|Publication number||US4261310 A|
|Application number||US 06/010,368|
|Publication date||Apr 14, 1981|
|Filing date||Feb 8, 1979|
|Priority date||Feb 8, 1979|
|Publication number||010368, 06010368, US 4261310 A, US 4261310A, US-A-4261310, US4261310 A, US4261310A|
|Inventors||Harold W. Laws, Jr.|
|Original Assignee||Laws Jr Harold W|
|Export Citation||BiBTeX, EndNote, RefMan|
|Patent Citations (4), Referenced by (7), Classifications (11)|
|External Links: USPTO, USPTO Assignment, Espacenet|
1. Field of the Invention
The present invention relates generally to internal combustion engines, and in particular relates to techniques which are designed to prevent undesirable forward movement of the cam shaft, commonly referred to as "cam walk", during high performance operation of an automotive engine.
2. Description of the Prior Art
Stock car racing is a very popular sport in the United States. Participants in this sport constantly seek to improve engine performance and design, and many engine developments which originate in the stock car racing sport eventually are incorporated in assembly line production of automobile engines.
Conventional stock engines, particularly those manufactured by the Chevrolet Division of General Motors Corporation, utilize a timing gear cover which is a stamped piece of sheet metal, which is bolted to the engine block over the extremity of the cam shaft, the timing gear and the timing chain assembly, and includes a hole designed to accept a seal for the front of the crank shaft, with a conventional gasket positioned between the cover and the engine block.
When conventional stock car engines employing conventional covers of the type described above are subjected to high performance, high speed conditions such as are normally incurred during stock car racing events, frequently the extremity of the cam shaft, by virture of the centrifugal force of that shaft, is forced outward and comes in contact with the sheet metal cover. Under sustained high performance conditions, the extremity of the cam shaft often dents the cover, and may destroy the seal between the cover and the engine block. Additionally, the fricion caused by movement of the cam shaft against the cover frequently results in reduced engine efficiency, erratic timing control, worn distributor gears and broken timing chains.
To reduce the serious effects of cam walk, there has been used in the past spacers which are inserted between the extremity of the cam shaft and the conventional sheet metal cover of the type described above. However, these spacers have proved to be unsatisfactory in sustained high performance operation in racing engines.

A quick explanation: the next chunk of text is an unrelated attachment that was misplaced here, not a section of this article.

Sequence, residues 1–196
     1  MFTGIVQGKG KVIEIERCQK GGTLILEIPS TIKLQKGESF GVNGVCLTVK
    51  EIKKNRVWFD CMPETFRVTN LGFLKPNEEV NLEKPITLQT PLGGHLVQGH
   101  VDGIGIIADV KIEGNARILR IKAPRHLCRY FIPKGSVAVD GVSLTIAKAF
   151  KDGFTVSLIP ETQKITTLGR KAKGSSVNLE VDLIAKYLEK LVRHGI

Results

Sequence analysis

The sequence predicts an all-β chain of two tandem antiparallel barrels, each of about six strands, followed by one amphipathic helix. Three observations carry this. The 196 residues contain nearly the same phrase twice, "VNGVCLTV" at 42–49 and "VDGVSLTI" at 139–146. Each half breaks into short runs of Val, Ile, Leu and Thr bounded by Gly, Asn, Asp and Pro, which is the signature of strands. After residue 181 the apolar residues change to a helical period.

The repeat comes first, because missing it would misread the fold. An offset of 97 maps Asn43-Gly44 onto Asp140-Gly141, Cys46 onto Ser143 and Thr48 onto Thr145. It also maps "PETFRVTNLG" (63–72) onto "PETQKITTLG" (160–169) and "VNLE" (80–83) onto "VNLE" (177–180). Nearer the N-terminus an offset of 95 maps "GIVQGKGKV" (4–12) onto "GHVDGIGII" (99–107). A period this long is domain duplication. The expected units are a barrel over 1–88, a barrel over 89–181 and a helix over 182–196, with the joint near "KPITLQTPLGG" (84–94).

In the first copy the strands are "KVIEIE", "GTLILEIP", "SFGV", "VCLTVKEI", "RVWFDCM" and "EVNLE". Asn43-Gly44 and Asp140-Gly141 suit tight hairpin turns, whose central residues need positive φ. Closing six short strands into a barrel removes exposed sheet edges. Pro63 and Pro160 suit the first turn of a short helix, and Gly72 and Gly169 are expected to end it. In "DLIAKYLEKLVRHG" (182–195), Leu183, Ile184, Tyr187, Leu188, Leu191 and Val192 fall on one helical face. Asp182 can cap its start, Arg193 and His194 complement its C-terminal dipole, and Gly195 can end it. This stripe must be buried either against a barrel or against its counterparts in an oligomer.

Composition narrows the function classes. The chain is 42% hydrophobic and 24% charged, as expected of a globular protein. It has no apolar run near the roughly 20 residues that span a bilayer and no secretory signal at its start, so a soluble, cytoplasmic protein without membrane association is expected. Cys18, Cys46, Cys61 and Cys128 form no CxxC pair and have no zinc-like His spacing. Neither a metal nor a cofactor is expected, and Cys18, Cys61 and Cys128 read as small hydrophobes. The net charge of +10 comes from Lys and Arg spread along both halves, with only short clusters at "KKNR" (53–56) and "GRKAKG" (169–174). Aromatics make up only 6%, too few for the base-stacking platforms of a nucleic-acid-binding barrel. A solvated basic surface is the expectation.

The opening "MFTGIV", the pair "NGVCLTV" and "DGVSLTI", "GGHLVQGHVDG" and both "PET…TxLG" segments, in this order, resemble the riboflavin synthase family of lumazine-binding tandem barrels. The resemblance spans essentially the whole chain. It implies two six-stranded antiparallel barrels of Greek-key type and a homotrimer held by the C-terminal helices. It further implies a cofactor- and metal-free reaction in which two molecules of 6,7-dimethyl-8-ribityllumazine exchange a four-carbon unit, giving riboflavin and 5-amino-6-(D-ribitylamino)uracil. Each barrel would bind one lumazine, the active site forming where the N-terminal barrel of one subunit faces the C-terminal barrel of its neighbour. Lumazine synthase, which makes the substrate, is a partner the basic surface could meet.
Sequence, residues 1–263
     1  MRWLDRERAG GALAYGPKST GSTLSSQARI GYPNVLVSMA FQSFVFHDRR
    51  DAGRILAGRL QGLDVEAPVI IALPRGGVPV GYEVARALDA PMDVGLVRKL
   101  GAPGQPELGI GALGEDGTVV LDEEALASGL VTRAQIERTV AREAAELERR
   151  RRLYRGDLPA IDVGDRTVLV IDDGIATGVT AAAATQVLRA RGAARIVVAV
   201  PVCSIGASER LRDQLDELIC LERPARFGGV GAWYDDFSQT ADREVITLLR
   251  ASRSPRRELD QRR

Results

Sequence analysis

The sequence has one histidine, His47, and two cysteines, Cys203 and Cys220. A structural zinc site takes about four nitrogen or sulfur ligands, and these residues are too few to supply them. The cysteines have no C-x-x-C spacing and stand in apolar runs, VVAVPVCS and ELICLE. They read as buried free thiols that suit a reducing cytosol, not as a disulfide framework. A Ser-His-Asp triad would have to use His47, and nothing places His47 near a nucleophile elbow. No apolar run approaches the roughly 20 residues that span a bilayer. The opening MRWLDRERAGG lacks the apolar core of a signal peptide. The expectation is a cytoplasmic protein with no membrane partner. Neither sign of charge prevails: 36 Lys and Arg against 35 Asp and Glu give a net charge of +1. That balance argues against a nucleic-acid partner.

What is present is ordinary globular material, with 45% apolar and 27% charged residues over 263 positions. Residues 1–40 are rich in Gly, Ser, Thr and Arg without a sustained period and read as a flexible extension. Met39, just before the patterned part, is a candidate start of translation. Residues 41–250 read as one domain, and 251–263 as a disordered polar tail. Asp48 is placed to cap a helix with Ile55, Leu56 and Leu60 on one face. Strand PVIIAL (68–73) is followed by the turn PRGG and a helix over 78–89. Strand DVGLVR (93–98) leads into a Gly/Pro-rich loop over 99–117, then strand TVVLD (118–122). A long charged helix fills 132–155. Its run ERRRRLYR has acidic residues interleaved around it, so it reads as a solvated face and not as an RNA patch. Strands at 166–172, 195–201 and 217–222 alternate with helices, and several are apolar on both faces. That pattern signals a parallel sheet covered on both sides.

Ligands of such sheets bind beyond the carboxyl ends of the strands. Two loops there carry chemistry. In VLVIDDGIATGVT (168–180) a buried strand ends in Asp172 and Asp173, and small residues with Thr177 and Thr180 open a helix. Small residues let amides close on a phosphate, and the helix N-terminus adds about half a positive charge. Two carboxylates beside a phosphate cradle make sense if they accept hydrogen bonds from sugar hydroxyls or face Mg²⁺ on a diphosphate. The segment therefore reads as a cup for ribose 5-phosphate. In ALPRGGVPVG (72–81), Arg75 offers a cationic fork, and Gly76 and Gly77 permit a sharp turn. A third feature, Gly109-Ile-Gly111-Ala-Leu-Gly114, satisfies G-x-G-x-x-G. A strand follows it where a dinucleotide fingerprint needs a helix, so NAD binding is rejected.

The present invention contemplates the use, in a high performance engine of the type including an engine block with a cam shaft having one end extending from the block and coupled to the engine's crank shaft by a timing chain or gears, a replacement cam shaft and timing chain cover assembly for replacing the engine stock sheet metal cover, the replacement assembly comprising an annular, relatively rigid spacer member for surrounding the cam shaft end and the timing chain or gear assembly, with a gasket interposed between the spacer and the engine block. A timing cover having substantially greater tensile strength than the stock cover is fastened to the spacer member and to the engine block. Additionally, a low friction bearing means is interposed between the cover and the end of the cam shaft.
In a preferred embodiment, means are provided for adjusting the dimension between the end of the cam shaft and the low friction bearing means, which means comprises a thrust pin coupled to the cover and extending axially with the cam shaft, the thrust pin being threaded in a left-hand fashion to permit a low friction button forming the low friction bearing means to be threadably fastened to the thrust pin. One or more shims may be inserted between the thrust button and the inside face of the timing cover as is required to obtain the desired adjustment between the extremity of the low friction button and the extremity of the cam shaft.
Preferably, the low friction button comprises a poly-resinous material, such as TEFLON.
The present invention further contemplates a method for preventing cam walk in an engine of the type described above, the method including the steps of deburring the one end of the cam shaft, and further comprising the step of deburring the inside face of the timing gear, and thereafter installing the high tensile strength cover and inserting the adjustable thrust button between the one end of the cam shaft and the cover.
FIG. 1 is a prospective view, partially exploded, which illustrates prior art arrangements employing sheet metal covers for the cam shaft extremity and timing chain and gear assembly.
FIG. 2 is an exploded view of the improved timing cover of the detailed invention.
A preferred embodiment of the present invention will now be described with reference to FIGS. 1 and 2.